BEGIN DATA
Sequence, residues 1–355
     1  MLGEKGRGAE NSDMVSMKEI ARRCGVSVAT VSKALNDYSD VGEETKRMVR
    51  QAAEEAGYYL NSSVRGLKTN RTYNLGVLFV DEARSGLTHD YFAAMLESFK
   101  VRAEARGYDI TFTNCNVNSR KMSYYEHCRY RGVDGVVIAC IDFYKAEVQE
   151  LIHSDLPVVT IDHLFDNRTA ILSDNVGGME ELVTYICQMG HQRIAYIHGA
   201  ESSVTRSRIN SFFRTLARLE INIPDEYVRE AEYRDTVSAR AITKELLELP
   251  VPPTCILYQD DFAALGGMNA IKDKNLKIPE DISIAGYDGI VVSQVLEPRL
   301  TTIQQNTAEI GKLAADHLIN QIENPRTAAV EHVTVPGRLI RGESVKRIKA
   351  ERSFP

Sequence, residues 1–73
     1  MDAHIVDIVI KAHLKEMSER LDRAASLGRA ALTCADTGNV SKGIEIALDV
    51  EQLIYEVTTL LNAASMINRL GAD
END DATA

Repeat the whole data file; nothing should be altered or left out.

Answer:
Sequence, residues 1–355
     1  MLGEKGRGAE NSDMVSMKEI ARRCGVSVAT VSKALNDYSD VGEETKRMVR
    51  QAAEEAGYYL NSSVRGLKTN RTYNLGVLFV DEARSGLTHD YFAAMLESFK
   101  VRAEARGYDI TFTNCNVNSR KMSYYEHCRY RGVDGVVIAC IDFYKAEVQE
   151  LIHSDLPVVT IDHLFDNRTA ILSDNVGGME ELVTYICQMG HQRIAYIHGA
   201  ESSVTRSRIN SFFRTLARLE INIPDEYVRE AEYRDTVSAR AITKELLELP
   251  VPPTCILYQD DFAALGGMNA IKDKNLKIPE DISIAGYDGI VVSQVLEPRL
   301  TTIQQNTAEI GKLAADHLIN QIENPRTAAV EHVTVPGRLI RGESVKRIKA
   351  ERSFP

Sequence, residues 1–73
     1  MDAHIVDIVI KAHLKEMSER LDRAASLGRA ALTCADTGNV SKGIEIALDV
    51  EQLIYEVTTL LNAASMINRL GAD